According to RPI President Shirley Ann Jackson, the subject of the latest New York Times Corner Office column and one of the highest paid private college presidents in the United States (she earns north of $7 million a year), there are two essential characteristics to be a successful manager. The first is the ability to "listen carefully," which "helps you understand the other person"; "you cannot expect to really reach them if you do not understand." The second, which is closely related to the first, is empathy. And here's Jackson, the first African-American woman to earn a doctorate at the Massachusetts Institute of Technology, speaking about what helped her learn empathy back in her college days.
As a freshman at M.I.T., I did volunteer work in a hospital in Boston, in the pediatric ward. I was feeling kind of down at the time because I was this African-American woman and people weren’t always so great to me. But the volunteer work was important because it kept me grounded. You’re with these little kids who have all these ailments.
There was a little blond-haired baby who had no face. He had just sockets for eyes. His nose was very deformed. He had a mouth to eat, but it was deformed, too. Nobody ever came to see him, at least that I could see. But every time I was finished with all the other things I had to do, I would just go hold him. It helped me realize that sometimes my own demons can get the better of me, but that everybody has a burden they carry. It’s important to understand that.
As for how you can learn how to have more empathy, perhaps the first step is to understand how empathetic you are right now. And to do that you can take this empathy exam of sorts, which will show you 36 different photographs of different sets of people's eyes and ask you to try to decipher each person's emotional state simply by studying these photos of their eyes. I encourage all of you to go ahead and take the test now (although I won't tell you how I fared on the test—I took it, too—I will tell you that it was an engaging and quite enjoyable exam).
Okay, now that you're back, irrespective of whether you knocked the exam out of the park or discovered that you're seriously empathetically challenged, the next step is to incorporate a daily empathy-training practice. This will help you build your empathy muscles.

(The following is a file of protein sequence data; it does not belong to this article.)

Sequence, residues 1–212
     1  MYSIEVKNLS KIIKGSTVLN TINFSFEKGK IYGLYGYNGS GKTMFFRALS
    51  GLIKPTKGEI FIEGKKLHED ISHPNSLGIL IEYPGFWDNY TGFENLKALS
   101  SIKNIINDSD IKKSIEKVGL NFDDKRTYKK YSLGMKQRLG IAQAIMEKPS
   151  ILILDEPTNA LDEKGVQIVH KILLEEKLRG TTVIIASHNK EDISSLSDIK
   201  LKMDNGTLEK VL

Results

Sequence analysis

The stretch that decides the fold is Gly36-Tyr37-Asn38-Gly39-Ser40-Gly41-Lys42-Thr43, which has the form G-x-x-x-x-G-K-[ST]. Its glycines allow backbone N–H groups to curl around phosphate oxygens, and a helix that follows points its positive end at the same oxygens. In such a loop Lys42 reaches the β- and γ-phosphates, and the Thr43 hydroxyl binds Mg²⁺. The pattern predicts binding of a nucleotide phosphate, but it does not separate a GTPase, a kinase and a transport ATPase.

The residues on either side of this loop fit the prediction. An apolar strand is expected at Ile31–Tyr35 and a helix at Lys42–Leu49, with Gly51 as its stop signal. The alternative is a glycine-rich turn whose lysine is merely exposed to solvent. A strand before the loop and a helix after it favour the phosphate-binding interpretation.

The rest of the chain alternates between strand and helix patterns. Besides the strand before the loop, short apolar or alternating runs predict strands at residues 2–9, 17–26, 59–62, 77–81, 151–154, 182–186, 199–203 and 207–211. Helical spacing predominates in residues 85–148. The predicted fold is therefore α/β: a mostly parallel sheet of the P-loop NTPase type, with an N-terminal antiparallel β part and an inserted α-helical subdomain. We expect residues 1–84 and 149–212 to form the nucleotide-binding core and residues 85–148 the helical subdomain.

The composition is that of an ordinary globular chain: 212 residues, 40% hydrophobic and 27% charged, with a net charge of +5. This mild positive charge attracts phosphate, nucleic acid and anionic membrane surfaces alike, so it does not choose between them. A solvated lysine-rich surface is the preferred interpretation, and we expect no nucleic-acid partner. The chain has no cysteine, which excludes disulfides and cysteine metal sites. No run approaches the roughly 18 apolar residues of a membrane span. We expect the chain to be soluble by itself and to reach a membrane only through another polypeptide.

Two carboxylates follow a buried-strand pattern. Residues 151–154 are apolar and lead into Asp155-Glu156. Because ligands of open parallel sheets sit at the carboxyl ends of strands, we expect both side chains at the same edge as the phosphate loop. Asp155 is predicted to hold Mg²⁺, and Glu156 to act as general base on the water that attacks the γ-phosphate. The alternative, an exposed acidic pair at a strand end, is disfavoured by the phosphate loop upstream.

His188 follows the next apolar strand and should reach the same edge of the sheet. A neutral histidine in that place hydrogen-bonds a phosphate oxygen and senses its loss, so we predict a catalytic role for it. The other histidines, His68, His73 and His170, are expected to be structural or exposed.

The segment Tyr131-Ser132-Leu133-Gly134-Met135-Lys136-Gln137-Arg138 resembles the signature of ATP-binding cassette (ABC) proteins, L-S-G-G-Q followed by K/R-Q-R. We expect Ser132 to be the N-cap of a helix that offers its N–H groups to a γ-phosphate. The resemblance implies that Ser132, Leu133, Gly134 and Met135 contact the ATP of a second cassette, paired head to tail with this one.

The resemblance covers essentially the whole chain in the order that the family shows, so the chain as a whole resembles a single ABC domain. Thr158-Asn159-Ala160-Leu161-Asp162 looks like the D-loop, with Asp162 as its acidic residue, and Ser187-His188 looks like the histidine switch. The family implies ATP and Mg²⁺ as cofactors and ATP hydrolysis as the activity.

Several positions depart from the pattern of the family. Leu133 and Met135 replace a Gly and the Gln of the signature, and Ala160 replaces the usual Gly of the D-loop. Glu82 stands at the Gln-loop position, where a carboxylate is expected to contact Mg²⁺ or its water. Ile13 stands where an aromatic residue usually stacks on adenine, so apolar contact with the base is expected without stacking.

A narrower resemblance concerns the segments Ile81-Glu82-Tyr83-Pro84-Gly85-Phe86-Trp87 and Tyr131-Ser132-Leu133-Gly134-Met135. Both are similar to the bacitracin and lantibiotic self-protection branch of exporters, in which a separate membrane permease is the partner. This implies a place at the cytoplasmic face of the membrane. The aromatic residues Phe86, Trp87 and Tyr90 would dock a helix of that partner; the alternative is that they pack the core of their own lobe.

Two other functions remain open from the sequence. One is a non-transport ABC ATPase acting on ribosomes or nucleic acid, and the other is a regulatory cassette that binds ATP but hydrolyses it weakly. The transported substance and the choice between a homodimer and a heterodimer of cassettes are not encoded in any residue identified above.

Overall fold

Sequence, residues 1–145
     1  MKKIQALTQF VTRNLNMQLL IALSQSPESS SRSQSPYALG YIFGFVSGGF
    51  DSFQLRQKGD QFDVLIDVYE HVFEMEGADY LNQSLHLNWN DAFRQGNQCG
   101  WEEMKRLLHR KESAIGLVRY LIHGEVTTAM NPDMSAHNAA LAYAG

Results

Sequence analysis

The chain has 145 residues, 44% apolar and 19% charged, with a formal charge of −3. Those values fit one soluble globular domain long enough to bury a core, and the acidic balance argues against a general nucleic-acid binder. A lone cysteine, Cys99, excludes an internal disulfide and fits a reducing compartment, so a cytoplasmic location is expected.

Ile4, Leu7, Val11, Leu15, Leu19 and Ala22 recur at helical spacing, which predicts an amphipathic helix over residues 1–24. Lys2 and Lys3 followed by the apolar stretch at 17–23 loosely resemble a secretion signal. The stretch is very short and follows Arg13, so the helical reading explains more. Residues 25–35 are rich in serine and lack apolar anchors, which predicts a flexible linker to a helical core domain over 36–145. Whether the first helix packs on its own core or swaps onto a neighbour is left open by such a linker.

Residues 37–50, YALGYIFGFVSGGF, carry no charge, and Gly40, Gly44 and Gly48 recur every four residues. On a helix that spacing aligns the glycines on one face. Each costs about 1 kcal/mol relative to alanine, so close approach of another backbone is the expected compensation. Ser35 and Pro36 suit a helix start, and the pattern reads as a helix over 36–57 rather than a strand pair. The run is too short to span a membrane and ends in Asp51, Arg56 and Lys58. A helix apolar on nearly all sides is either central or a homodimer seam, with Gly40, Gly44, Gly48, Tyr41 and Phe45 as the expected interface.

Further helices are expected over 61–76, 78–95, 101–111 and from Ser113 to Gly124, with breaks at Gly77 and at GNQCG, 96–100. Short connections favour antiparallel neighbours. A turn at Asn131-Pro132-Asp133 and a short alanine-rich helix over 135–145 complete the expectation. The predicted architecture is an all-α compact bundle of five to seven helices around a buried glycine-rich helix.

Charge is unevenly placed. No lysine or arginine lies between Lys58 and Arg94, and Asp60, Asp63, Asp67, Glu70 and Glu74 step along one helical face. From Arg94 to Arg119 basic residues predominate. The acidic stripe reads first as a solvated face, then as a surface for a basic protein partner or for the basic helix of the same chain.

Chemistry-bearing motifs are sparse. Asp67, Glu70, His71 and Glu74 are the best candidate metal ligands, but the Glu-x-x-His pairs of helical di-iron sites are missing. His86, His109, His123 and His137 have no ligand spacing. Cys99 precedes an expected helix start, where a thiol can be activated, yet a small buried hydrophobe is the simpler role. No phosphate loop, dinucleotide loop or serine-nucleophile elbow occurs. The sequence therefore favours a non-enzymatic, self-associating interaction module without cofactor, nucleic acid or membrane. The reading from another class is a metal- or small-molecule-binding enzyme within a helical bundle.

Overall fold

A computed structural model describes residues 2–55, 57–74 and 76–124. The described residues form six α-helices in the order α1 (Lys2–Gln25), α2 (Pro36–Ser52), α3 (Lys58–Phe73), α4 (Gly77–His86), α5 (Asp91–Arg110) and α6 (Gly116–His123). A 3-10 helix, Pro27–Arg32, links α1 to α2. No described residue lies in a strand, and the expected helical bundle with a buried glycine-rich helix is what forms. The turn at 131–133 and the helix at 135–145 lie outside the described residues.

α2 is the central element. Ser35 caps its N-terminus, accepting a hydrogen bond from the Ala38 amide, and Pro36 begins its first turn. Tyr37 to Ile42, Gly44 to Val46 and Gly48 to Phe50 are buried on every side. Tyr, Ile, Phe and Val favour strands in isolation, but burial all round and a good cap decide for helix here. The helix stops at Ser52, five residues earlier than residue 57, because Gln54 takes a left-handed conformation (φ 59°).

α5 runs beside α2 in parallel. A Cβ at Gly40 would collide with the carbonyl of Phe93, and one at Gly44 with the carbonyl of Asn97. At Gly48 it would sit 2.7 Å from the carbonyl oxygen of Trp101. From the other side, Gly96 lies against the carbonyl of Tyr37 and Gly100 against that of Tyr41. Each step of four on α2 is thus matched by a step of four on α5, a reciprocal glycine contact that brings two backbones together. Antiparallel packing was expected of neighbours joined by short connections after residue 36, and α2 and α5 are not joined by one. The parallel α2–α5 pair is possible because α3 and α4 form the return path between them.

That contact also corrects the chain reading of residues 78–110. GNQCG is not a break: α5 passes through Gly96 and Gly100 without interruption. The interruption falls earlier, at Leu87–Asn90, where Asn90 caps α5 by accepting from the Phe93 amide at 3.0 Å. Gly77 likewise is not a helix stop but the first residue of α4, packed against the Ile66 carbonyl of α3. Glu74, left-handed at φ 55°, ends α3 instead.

A second step is to deepen empathic concern for others by developing an awareness of all those individuals hidden behind the surface of our daily lives, on whom we may depend in some way. A Buddhist-inspired approach to this is to spend a whole day becoming mindful of every person connected to your routine actions.
So when you have your morning coffee, think about the people who picked the coffee beans. As you button your shirt, consider the labour behind the label by asking yourself: "Who sewed on these buttons? Where in the world are they? What are their lives like?"
Then continue throughout the day, bringing this curiosity to who is driving the train, vacuuming the office floor or stacking the supermarket shelves. It is precisely such mindful awareness that can spark empathic action on the behalf of others, whether it's buying Fairtrade coffee or becoming friends with the office cleaner.
Easier said than done, I know. So if this seems a little daunting to you, there's always a trip to the museum. That is, to the U.K.'s Empathy Museum, where you can, among other things, literally walk a mile in someone else's shoes.
The Empathy Museum’s first exhibit is a shoe shop where visitors are invited to walk a mile in someone else’s shoes—literally. With contributions that range from a sewer worker to a sex worker the stories cover different aspects of life, from loss and grief to hope and love and take the visitor on an empathetic as well as a physical journey.
Another activity you can do at the museum, the first of its kind, is check out a person. And by check out I don't mean look at or size up but check out like you would a library book.
Amongst the unusual exhibitions will be a human library, where instead of borrowing a book you borrow a person for conversation—maybe a Sikh teenager, an unhappy investment banker or a gay father. In other words, the kind of people you may not get to meet in everyday life.
Lastly, I can't help but think of the award-winning book of essays The Empathy Exams by Leslie Jamison, and that it might also be a good idea, as a way to increase your empathy muscles in order to improve your managing skills, to read this highly-acclaimed piece of literature. As a preview:
Empathy isn’t just listening, it’s asking the questions whose answers need to be listened to. Empathy requires inquiry as much as imagination. Empathy requires knowing you know nothing. Empathy means acknowledging a horizon of context that extends perpetually beyond what you can see.
In other words, empathy is active. Empathy requires work. Empathy means remaining open and humble, and paying attention to visual cues given to you by other people so you can better communicate with, understand, and lead them.
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